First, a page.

15.12.2015 | 14:03 | Elections
The graph shows the dependency of the percentage of people who voted “yes” on the percentage of voter turnout. The dots correspond to the preliminary results from all the 1997 polling stations. The percentage of “yes” votes” is high in those polling stations where high turnout was recorded. Regression line coefficient k=0,938: Ideally, we should have k=0, that is, the result should not depend on voter turnout. If ballot stuffing does not occur, on average we should have the same result in all the polling stations irrespective of voter turnout. In case of k>0, we deal with ballot stuffing. In our case, on average the percentage of “yes” votes is in explicit proportion to the percentage of voter turnout. That is also substantiated by the fact that in case of double voting, ballot stuffing and falsification of results protocols, not only “yes” votes increase, but also the voter turnout becomes higher.
Some opponents of this methodology claim that the active participation is related to the fact that the “yes” proponents were more eager to go to the polling stations and vote. However, we do not observe such tendencies in Switzerland, where referendums are held most frequently. Below you can find respective graphs of elections in different countries. They are aimed at statistical revelation of election fraud. Our graph is similar to those of Uganda and Russia.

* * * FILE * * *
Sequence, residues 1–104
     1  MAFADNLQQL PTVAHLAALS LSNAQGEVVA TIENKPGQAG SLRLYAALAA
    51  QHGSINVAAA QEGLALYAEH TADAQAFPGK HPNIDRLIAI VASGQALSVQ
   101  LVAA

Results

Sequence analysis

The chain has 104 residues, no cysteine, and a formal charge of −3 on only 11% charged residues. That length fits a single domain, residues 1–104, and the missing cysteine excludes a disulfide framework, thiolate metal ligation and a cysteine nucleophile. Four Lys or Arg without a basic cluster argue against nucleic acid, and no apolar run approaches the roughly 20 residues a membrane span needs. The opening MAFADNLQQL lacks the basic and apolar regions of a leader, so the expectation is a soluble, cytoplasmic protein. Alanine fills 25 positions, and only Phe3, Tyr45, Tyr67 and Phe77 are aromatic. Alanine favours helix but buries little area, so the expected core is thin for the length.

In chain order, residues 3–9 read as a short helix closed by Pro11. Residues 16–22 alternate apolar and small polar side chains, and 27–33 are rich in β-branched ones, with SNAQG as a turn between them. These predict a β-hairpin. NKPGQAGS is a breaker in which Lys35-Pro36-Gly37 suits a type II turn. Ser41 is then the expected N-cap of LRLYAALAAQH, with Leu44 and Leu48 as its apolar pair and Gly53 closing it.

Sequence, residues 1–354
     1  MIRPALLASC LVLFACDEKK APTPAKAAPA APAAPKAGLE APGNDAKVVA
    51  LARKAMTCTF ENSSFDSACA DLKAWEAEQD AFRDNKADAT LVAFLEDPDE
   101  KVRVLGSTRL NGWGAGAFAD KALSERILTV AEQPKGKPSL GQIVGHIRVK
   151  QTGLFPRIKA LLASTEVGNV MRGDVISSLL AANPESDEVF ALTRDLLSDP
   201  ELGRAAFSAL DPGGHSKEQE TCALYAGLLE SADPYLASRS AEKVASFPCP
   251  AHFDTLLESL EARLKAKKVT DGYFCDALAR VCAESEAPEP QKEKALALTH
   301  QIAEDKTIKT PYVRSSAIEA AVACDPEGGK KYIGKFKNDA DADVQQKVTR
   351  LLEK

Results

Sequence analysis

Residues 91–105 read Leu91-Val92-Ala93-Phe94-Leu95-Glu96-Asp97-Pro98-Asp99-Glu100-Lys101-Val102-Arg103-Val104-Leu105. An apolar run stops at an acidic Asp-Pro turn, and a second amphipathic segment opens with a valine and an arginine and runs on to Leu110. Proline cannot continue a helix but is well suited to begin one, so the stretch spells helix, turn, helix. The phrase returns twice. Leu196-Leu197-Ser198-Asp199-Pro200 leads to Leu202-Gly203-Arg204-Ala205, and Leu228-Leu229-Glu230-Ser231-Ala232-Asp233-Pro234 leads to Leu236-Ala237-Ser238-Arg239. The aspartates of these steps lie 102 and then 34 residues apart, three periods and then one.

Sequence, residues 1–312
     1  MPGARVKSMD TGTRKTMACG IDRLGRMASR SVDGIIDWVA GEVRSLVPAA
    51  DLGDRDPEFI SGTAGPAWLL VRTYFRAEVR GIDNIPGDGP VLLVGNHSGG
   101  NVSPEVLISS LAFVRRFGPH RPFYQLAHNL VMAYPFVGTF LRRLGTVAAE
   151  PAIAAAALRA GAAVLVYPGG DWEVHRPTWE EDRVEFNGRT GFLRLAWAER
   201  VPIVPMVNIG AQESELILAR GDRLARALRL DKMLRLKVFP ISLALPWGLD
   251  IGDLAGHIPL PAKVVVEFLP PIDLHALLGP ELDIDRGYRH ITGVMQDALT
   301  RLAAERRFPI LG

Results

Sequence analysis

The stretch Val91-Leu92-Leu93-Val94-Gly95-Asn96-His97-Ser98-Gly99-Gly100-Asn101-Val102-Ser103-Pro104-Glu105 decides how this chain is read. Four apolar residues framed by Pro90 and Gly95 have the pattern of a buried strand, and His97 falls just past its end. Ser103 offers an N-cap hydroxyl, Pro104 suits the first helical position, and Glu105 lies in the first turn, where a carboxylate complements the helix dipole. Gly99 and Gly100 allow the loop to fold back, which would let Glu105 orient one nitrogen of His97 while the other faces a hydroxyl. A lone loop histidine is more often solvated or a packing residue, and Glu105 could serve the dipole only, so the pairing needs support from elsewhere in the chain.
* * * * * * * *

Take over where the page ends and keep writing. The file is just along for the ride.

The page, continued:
There is one more interesting observation: as the percentage of “no” votes decreases along with increase of voter turnout, the percentage of invalid/spoilt ballots also decreases. That is, the lower the voter turnout, the lower the percentage of invalid ballots. This allows us to assume that in the polling stations where low voter turnout was registered, and where it was not possible to add “yes” votes, the method of making “no” ballots invalid has been applied.
The distribution of percentage of “Yes” votes does not represent normal distribution.
The concept of normal distribution in statistics. Normal or Gaussian distribution represents such a distribution of values in case of which those values are probable (among different values) which are close to the mean of all the values. Moreover, the larger the deviation of the value is from the mean, the smaller the possibility of encountering it. In case of such distribution, we can say that all the values are subject to a common law. Roughly speaking, in our case the distribution will be normal, if 63% “yes” is registered in the largest number of polling stations. In other words, the most probable result should coincide with the average index. The polling stations that registered larger or smaller number of “yes” votes compared to the mean (63%) should be smaller in number. Moreover, the larger the difference from the mean, the smaller the probability should be. If distribution is not normal, it is assumed that the principle of randomness has been violated. In our particular case, the latter means that voting irregularities (election fraud) have occurred. There are tests that allow us to check the normality of distribution. Those are Kolmogorov-Smirnov, D’Agostino-Pierson and Shapiro-Wilkie tests. In our case, all the test results indicate that the distribution is not normal. It is worth mentioning that there are numerous precedents of checking the presence of election fraud in this specific way. Particularly, normal distribution is observed in elections in Switzerland and Canada. However, we cannot say the same about elections in Russia.